I’m in the fortunate position to be asked for guidance from many aspiring entrepreneurs, as well as struggling to successful business owners.  Given that many of the questions or solicitations are similar, I like to share them with a broader audience.

A couple of weeks ago, this popped into my Twitter stream:

@CarolJSRoth attach [sic] is the new $100 million design. It just needs a spot light, can you do that? I’ll split the profits https://twitter.com/#!/wsewell525/status/179758101698850816/photo/1*

It was followed by this:

I have the new $100 million clothing line in 10 years. I just need a boost. If you know store buyers, I would love to joint together.

This isn’t an unusual story/request.  But what is this or any new business idea worth? Hint: it’s probably worth a lot less than you think.

Entrepreneurs starting businesses often get enamored with their new business ideas and place all kinds of values on their “next big thing”.  But what’s the true value? Here’s a handy little formula for you: take whatever you think your business idea is worth and multiply it by zero.  That’s right; your new business idea is not worth anything.

Now, before the steam comes pouring out of your ears, you have to understand that generating an idea is the easy part.  The work begins once you start executing the business.  So, unless you can take that idea and put the time, energy, capital and other resources behind it to make it into a business that produces a nice profit (and hopefully, some great value to your customers), you’ve got nada.  Even if you come up with the next big invention, web application, etc., until you translate it into something tangible- whether through filing a patent, doing a working mock-up, etc.- you haven’t really created anything that someone else is willing to put a price on.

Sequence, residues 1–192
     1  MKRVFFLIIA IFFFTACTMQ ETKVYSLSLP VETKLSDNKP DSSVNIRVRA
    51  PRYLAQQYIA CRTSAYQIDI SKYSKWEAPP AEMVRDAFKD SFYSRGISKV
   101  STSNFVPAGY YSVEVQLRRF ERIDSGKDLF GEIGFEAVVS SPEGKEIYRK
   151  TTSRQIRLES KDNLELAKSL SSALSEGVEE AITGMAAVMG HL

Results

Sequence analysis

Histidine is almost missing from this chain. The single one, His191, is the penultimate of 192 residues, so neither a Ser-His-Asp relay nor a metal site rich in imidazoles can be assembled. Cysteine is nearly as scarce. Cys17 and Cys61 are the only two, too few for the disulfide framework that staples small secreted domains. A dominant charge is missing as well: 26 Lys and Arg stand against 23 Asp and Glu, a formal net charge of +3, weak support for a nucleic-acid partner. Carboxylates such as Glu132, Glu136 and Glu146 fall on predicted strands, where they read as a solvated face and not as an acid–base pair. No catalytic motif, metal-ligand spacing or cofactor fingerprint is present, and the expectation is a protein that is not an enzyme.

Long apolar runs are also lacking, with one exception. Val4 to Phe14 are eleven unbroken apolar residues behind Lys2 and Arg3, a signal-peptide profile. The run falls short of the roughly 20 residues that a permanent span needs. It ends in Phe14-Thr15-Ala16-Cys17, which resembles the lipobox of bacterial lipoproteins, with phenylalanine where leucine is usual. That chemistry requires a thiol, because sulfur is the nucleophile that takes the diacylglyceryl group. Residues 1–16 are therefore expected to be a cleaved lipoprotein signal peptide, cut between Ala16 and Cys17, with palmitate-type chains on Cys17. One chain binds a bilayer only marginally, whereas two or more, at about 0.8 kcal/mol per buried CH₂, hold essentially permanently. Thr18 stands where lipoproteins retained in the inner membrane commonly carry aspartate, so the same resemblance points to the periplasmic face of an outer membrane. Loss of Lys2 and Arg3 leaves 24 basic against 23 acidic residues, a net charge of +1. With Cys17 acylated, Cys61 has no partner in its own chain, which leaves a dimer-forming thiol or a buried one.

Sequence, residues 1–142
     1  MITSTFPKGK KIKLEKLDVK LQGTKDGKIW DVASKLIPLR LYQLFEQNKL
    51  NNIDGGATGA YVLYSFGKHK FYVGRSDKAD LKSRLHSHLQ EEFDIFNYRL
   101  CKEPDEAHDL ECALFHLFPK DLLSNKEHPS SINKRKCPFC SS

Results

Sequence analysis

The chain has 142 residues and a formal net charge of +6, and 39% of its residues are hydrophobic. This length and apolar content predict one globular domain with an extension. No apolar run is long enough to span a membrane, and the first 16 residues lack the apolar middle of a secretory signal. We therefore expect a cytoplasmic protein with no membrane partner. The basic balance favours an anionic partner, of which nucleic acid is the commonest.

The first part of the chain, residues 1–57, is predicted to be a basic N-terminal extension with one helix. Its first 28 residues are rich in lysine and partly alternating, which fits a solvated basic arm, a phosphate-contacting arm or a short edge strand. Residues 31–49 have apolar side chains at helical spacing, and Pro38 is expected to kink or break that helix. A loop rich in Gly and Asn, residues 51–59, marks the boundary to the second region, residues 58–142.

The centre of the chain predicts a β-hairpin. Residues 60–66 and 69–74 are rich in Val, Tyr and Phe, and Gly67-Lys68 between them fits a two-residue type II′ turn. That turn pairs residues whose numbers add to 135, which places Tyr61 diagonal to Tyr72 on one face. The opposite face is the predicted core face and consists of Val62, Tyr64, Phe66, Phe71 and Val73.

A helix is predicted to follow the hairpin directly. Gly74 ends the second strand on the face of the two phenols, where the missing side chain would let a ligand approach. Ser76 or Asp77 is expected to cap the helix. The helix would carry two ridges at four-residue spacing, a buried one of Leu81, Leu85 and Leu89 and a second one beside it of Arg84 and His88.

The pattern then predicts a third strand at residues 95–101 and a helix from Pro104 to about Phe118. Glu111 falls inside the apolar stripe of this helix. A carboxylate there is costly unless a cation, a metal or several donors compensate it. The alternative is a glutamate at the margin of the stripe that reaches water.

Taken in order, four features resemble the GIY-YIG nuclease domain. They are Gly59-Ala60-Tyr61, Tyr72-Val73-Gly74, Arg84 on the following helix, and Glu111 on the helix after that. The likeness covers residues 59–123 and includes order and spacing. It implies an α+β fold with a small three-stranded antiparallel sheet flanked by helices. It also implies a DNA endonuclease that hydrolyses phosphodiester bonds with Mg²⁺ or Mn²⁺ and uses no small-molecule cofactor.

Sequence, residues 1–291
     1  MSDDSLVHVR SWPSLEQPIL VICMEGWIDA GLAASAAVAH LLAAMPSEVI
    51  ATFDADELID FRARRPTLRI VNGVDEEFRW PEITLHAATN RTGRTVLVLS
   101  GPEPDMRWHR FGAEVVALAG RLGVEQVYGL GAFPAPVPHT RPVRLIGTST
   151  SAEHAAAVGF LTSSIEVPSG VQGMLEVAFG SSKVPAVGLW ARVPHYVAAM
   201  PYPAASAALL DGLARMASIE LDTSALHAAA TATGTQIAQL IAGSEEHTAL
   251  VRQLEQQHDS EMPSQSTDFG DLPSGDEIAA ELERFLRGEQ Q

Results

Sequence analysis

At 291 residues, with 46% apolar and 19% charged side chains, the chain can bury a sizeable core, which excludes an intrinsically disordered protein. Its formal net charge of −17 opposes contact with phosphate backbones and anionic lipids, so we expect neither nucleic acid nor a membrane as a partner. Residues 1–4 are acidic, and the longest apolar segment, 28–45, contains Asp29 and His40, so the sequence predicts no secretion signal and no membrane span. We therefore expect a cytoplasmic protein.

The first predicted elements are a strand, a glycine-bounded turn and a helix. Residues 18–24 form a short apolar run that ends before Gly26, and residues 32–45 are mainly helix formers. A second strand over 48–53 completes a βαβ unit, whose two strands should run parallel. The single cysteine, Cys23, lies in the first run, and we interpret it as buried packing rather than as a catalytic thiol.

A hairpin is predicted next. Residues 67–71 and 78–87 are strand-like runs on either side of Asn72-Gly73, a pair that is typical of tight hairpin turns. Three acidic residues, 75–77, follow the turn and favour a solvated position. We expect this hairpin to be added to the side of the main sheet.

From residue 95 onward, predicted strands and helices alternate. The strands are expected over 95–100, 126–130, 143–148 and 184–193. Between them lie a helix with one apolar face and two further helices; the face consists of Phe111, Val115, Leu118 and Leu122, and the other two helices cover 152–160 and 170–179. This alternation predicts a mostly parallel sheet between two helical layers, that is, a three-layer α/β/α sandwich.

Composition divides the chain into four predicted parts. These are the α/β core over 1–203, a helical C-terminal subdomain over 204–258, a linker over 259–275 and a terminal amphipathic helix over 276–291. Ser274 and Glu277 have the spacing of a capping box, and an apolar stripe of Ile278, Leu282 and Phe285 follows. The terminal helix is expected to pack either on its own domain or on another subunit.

In this query, yes, there has been some design work done.  However, the design doesn’t represent something that has value yet. It doesn’t have a brand or distribution.  Designs themselves aren’t worth anything.  It’s once the hard work is put in to make it known, loved and coveted that the value begins to be tangible.

The gentleman who sent me the inquiry has this as his Twitter tagline: “I am only the right celebrity endorsement away from a $100 million.”  Not only is this doubtful, but if it were true, about anyone with an idea could say the same thing.  While I give him props for taking the risk to ask for help (not just to me, but based on his Twitter stream to Mark Cuban and a few others as well), his time would be better spent hustling sales and proving a market at this point.

So, what’s the takeaway?  Instead of focusing on your idea, focus on your business model, a prototype, your customers, marketing and your overall execution- once you get past the idea is where the real value gets created.

*Note, I am including the link to the picture, so there’s your spotlight…